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Three of the most successful social media giants were brought further into the public eye late last month during hearings with the Senate Intelligence Committee. Twitter, Facebook, and Google were summoned to discuss the nature of Kremlin-sponsored activity on their platforms from 2015 to 2017.

Their testimonies suggest that the Kremlin-based Internet Research Agency (IRA) and Russian hacking sites were associated with thousands of dollars of fake ad sponsorship; such activities reached over 150 million people on Facebook and created 2,752 Twitter accounts over the two-year span. While the exact goal of the fabricated ads remains unknown, the nature of the content suggests that it intended to capitalize on existing political tensions in the U.S. voting population.

U.S. senators have argued that the social media-facilitated Russian activity conflicts with two areas of Federal Election Commission legislation, including a law barring foreign interference in American elections, and legislation requiring broadcast media to publicly disclose political and issue-based ads and to maintain databases of funders.

To extend the latter piece of legislation and capture social media networks within its scope, senators have put forth the Honest Ads Act. After years of enjoying relatively little regulation on the internet, social media companies have been reluctant to concede their freedom, arguing that they seek to be important forums for open debate, and to provide a “wide variety of perspectives” to Americans.

It is difficult to measure the impact these fake advertisements had on the 2016 U.S. election. The Honest Ads Act raises questions about how accountable social media companies should be to individual states and their domestic laws when posts on their platforms have real-world implications. With an unprecedented ability to reach the masses, social media outlets perpetuate the rapid spread of information across the globe, allowing messages and ideas to spread before their veracity can be confirmed.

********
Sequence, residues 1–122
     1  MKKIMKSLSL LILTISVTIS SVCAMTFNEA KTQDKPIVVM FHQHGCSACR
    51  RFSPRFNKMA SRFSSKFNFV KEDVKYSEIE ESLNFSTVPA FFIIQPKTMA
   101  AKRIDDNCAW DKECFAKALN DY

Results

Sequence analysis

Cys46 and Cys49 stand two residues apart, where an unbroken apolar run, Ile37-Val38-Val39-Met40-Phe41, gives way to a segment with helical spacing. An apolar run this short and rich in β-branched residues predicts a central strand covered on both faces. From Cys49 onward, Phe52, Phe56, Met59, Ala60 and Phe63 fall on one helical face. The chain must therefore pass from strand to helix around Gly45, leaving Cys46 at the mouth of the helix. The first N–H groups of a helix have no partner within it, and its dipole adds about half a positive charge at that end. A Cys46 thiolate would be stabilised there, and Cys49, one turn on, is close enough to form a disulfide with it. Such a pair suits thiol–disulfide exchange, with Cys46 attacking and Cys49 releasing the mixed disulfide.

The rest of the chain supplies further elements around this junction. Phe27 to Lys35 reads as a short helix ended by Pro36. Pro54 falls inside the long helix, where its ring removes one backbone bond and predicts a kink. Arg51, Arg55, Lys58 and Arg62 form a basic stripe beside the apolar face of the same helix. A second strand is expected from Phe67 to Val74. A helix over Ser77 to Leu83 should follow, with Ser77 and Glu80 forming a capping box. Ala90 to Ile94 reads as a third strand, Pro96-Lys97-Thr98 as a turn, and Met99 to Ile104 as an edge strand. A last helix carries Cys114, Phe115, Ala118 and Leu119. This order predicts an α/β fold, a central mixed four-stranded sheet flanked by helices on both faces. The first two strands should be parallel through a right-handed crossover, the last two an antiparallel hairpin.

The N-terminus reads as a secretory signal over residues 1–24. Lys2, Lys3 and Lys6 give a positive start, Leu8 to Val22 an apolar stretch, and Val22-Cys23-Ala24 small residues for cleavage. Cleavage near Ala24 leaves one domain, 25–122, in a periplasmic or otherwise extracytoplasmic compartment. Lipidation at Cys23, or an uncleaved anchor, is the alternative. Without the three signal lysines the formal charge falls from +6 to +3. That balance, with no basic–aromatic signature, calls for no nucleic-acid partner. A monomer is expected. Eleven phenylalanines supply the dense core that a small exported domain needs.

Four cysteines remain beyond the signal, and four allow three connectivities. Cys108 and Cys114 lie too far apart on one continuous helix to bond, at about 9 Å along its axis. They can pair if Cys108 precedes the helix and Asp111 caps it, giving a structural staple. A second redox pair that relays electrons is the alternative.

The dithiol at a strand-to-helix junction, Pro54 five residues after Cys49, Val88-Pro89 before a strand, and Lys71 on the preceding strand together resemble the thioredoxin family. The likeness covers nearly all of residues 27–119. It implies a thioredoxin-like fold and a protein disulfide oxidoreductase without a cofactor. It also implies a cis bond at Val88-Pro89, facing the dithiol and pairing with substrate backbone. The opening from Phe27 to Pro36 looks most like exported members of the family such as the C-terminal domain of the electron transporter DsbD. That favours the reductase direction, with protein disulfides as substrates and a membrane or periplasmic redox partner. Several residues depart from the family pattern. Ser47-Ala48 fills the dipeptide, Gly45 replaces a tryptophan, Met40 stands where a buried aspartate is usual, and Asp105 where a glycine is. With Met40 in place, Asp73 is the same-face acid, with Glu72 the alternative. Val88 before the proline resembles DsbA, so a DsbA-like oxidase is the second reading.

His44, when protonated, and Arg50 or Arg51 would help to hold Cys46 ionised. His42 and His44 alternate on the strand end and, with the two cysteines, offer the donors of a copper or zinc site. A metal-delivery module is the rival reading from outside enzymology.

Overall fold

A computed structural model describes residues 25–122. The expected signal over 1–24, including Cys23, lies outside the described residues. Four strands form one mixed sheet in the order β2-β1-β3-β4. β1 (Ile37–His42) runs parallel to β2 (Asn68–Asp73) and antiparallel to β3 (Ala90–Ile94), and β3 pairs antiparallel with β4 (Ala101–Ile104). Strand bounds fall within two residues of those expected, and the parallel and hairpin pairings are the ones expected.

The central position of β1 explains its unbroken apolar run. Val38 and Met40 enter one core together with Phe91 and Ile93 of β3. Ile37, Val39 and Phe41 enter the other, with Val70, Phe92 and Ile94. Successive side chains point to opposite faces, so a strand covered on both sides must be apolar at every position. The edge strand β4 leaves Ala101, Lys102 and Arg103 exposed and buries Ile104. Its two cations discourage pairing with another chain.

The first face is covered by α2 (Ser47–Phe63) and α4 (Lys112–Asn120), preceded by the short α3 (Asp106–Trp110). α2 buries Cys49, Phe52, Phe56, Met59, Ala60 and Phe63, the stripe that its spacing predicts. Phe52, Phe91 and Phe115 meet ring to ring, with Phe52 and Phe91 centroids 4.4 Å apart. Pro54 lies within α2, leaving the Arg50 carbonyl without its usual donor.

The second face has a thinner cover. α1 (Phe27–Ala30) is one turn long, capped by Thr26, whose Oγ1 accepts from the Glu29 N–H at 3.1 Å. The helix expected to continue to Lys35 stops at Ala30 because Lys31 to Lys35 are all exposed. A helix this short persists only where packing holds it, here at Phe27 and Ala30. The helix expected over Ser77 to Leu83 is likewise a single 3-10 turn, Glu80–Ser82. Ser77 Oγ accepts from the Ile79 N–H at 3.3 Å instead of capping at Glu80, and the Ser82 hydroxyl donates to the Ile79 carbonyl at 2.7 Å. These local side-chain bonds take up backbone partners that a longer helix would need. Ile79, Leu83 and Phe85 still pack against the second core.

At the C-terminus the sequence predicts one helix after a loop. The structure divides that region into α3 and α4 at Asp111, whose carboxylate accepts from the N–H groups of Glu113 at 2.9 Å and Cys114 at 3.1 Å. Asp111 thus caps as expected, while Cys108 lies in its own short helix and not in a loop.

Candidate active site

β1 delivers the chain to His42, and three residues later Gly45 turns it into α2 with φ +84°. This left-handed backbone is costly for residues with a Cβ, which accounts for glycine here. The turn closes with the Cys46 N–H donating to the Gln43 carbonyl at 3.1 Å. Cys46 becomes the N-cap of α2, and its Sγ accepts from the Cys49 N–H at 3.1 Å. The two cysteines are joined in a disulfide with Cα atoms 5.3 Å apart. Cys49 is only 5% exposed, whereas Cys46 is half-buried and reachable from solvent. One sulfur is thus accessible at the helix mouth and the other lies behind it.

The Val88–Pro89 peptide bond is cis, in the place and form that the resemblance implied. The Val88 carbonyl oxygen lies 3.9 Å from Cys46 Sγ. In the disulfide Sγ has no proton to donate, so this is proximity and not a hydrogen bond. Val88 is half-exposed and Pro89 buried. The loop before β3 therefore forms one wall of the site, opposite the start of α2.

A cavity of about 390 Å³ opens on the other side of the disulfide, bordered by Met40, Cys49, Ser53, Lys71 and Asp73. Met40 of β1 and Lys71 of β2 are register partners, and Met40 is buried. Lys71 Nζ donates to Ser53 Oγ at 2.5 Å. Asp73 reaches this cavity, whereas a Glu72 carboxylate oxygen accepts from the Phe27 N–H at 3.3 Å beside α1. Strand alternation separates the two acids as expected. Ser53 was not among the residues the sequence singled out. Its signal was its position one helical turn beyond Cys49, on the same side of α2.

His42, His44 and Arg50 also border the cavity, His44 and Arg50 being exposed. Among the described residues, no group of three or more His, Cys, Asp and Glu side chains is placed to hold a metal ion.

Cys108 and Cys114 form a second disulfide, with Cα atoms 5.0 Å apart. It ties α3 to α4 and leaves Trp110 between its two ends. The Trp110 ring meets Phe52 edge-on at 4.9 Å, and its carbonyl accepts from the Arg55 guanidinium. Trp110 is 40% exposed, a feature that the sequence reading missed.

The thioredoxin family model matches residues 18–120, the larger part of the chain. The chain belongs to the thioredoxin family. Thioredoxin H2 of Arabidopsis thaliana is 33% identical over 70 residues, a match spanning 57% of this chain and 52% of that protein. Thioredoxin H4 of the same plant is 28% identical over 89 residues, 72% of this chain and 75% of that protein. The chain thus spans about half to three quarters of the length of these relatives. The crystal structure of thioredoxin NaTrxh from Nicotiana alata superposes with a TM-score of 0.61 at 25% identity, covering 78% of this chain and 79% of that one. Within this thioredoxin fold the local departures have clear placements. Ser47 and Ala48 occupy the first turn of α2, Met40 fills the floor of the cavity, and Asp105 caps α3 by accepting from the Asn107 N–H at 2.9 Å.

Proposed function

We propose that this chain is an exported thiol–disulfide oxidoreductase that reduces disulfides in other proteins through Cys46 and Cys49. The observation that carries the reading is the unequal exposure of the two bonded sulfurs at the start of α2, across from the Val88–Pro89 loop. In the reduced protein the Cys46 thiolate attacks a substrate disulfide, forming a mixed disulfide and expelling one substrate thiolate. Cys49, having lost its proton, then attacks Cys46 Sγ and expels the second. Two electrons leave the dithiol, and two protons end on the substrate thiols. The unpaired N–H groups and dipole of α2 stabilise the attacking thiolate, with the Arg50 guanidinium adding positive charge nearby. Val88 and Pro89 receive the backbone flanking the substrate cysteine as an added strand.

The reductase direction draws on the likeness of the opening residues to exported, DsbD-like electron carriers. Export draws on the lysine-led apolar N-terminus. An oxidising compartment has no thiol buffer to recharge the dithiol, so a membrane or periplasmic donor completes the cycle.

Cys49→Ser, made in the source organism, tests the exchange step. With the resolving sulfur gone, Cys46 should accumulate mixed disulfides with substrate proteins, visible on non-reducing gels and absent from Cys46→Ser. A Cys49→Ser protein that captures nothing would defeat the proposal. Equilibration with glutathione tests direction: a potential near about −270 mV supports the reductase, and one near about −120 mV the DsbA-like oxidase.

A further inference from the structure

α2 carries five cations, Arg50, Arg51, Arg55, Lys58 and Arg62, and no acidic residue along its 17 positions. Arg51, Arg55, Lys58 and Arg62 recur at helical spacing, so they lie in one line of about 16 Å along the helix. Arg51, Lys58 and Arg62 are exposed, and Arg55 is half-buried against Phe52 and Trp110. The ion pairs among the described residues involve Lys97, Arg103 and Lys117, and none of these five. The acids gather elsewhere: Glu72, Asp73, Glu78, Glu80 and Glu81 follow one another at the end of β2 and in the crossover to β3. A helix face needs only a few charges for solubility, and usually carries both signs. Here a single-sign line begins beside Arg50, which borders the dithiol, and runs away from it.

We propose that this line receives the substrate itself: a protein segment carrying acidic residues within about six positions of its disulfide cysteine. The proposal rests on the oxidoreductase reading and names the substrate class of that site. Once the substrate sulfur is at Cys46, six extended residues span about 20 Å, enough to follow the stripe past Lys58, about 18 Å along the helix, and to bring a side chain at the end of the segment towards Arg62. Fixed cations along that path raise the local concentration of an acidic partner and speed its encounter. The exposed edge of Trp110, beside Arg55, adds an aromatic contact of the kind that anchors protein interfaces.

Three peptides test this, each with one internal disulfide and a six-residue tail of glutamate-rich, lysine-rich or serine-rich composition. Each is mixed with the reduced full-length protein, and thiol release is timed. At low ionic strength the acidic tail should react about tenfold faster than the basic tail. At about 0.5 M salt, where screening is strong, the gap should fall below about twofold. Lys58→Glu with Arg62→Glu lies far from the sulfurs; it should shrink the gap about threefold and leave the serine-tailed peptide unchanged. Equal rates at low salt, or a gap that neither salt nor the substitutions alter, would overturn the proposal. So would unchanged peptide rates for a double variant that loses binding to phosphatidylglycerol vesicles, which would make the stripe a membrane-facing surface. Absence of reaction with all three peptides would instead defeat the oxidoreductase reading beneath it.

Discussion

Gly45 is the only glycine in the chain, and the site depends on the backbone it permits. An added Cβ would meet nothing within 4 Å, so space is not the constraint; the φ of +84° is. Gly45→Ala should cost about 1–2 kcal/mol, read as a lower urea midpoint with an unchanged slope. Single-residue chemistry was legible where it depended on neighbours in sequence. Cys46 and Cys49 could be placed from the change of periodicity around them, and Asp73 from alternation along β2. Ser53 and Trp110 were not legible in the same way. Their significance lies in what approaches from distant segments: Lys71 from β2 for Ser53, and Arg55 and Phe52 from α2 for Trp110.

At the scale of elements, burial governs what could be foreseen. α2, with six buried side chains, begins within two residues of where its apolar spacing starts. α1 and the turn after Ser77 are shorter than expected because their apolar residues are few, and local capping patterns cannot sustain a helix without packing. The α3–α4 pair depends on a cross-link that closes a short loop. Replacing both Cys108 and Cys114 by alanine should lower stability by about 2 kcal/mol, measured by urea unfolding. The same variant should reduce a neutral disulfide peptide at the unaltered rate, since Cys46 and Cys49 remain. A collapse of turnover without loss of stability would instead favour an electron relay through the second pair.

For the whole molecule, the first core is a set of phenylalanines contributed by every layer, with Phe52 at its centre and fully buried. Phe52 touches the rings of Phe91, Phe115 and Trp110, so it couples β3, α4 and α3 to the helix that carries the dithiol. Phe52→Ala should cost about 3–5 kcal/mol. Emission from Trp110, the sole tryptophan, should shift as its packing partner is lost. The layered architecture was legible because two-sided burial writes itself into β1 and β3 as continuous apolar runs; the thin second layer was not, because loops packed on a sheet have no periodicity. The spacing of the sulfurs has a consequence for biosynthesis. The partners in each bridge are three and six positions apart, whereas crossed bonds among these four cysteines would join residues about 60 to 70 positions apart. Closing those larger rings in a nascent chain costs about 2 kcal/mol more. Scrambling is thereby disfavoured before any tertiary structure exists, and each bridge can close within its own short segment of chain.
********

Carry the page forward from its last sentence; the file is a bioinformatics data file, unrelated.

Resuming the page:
One need only look back to the manhunt that evolved following the Boston Marathon bombings, when Reddit users wrongly came to the conclusion that missing university student Sunil Tripathi was one of the suspects. In the context of these recent Russia allegations, fake Facebook accounts intentionally booked two protests from opposite political leanings for the same exact location and time. The Senate Intelligence Committee argued that “foreign adversaries will read this playbook” and perpetuate social media-based attacks of a similar nature in the future.

In some countries, such as Germany, Facebook is already complying with restrictive domestic speech laws. But free speech and market deregulation advocates push back against any government ability to police what can be posted or bought online. In addition to the difficulty of analyzing and monitoring the sheer volume of Tweets and Facebook posts published every day, the vast majority of the companies’ revenue streams come from advertising. The piecemeal effort by Twitter to ban Kremlin-linked Russia Today (RT) and Sputnik from advertising on its site represents a surface-level attempt to appease the U.S. Government before being pegged with heavier regulations.

However, with Senator Richard Burr’s assertion that such sites are on the front lines of defense for U.S. security, it is unlikely that the Silicon Valley giants will ever be able to return to business-as-usual low regulation in America.

 

Source: Creative Commons, www.vpnsrus.com

Author Geneva Calder

Geneva is a Master of Global Affairs candidate at the Munk School of Global Affairs. Her interests include identity politics, human rights law, and understanding how policy can be shaped across different cultural landscapes to achieve these human rights goals. Most recently, she worked with Youth LEAD, a regional network of NGOs in Asia and the Pacific that advocates for the public health of young key populations at a higher risk of contracting HIV.

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